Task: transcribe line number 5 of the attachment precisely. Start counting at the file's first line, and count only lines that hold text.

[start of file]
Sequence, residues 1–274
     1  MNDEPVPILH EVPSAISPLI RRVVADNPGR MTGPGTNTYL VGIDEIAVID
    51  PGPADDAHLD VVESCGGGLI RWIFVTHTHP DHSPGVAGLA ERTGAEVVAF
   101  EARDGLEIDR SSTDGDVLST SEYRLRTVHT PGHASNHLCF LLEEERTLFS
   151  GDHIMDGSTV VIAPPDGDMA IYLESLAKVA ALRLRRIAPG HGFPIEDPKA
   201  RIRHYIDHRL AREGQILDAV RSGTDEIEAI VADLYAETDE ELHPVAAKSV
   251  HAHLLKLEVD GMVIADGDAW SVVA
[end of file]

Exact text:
   151  GDHIMDGSTV VIAPPDGDMA IYLESLAKVA ALRLRRIAPG HGFPIEDPKA